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Physical & Digital Collections

Decolonisation LibGuide: Decolonisation and Cambridge collections

Decolonisation work has been happening in Cambridge collections for many years, often inspired by and in collaboration with student activism.  In recent years, two groups have formed that work on decolonisation.  The groups work closely together.

The cross-University Decolonising through Critical Librarianship Group (DtCL) formed in 2018 and helps arrange and facilitates hands-on workshops for library and archive staff to encourage the sharing of knowledge and ideas.  DtCL capture the work they are involved in (and more) in their blog.  In 2022, the group published a chapter about cataloguing and classification (shelfmarks) in Narrative expansions : interpreting decolonisation in academic libraries edited by Jess Crilly and Regina Everitt.

In autumn 2020, the more formal Cambridge University Libraries Decolonisation Working Group was set up at the instigation of Dr Jess Gardner, the University Librarian and Director of Library Services.  The DWG has a more rigid structure – one that includes Students’ Union and academic reps among its non-library members – and works on various overarching things like relevant policies as well as commissioning good examples of practice.  The DWG has a number of webpages, with their terms of reference included on their front page.  The terms of reference include a definition of decolonisation that the DWG agreed at its first meeting, which the first tab of this LibGuide also includes:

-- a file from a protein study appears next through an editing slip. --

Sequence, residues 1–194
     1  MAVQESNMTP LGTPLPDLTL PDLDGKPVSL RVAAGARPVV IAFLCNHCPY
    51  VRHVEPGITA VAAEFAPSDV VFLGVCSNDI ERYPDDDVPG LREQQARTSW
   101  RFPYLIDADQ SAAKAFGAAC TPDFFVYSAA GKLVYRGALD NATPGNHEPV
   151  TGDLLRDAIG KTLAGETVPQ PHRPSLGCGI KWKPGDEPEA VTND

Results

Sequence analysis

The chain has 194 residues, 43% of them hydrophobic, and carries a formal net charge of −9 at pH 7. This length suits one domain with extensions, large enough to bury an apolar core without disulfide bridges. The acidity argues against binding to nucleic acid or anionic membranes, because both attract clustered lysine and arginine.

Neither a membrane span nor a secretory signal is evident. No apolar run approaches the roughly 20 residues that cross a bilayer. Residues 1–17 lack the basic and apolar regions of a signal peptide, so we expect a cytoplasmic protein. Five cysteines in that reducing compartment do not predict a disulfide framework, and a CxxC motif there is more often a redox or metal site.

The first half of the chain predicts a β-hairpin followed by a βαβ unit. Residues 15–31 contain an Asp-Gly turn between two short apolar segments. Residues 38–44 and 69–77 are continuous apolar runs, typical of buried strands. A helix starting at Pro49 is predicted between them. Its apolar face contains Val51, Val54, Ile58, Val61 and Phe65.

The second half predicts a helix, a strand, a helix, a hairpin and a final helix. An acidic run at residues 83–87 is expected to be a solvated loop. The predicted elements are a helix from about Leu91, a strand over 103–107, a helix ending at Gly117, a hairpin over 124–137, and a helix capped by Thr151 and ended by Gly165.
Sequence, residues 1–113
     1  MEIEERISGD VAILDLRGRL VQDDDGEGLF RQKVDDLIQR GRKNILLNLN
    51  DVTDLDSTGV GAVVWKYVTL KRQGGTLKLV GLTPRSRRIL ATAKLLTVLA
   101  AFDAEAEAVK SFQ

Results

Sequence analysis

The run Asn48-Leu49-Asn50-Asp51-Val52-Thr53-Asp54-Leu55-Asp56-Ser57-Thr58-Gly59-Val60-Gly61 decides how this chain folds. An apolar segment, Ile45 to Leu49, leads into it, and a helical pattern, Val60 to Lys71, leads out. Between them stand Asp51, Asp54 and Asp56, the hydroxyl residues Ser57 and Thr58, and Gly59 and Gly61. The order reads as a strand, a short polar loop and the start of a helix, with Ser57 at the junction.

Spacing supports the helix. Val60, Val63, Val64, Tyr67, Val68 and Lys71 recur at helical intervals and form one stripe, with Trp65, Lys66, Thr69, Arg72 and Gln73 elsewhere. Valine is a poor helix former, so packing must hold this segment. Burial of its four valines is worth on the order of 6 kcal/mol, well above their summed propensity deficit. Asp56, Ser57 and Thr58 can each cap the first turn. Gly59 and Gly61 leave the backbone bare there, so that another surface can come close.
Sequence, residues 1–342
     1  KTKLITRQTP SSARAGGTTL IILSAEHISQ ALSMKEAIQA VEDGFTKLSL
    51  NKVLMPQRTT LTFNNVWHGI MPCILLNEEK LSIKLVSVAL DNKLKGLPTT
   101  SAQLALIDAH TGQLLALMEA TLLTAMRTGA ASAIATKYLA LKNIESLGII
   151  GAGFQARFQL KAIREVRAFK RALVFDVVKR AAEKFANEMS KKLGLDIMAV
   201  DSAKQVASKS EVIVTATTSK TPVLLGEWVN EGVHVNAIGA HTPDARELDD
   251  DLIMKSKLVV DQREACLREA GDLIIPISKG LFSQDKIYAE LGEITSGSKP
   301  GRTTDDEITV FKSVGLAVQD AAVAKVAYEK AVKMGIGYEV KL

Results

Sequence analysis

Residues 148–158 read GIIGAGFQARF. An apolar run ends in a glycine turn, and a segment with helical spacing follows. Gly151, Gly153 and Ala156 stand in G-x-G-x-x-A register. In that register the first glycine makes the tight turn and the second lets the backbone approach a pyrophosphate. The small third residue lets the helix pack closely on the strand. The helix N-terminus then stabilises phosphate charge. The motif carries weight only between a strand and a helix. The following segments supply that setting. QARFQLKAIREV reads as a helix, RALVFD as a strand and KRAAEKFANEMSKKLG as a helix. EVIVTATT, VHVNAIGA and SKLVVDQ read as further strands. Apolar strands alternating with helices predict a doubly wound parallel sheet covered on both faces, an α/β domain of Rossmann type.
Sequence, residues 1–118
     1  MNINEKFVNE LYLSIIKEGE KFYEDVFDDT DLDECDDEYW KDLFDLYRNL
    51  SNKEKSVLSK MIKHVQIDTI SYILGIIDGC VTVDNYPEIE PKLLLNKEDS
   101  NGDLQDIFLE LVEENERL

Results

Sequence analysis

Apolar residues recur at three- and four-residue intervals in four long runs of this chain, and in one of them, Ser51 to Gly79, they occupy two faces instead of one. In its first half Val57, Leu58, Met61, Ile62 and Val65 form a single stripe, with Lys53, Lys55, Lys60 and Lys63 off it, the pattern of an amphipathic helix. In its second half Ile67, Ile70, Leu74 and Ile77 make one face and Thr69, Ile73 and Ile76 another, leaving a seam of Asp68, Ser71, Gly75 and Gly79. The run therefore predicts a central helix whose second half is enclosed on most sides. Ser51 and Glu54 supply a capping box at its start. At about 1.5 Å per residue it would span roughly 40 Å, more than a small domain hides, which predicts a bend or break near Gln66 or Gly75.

The term “decolonisation” is subject to various definitions, and it embraces a number of different, but related, aims. In the context of the working group, we mean by this term something closer to “decolonial practice”:

  • the active identification of and critical engagement with historical and modern power relations that are rooted in colonial views of the world and its peoples, as these are found in our libraries (chiefly in collections and their description), by being transparent about and actively re-contextualising library holdings which are a legacy of colonialism and occupation;
  • greater facilitation of access to library collections as a global resource;
  • providing support and partnership in the University’s decolonial activities as they affect teaching and learning (eg reading list updates), as well as research and public engagement; and
  • a deliberate broadening of collection development, the better to provide a greater variety of voices and grow more representative collections.

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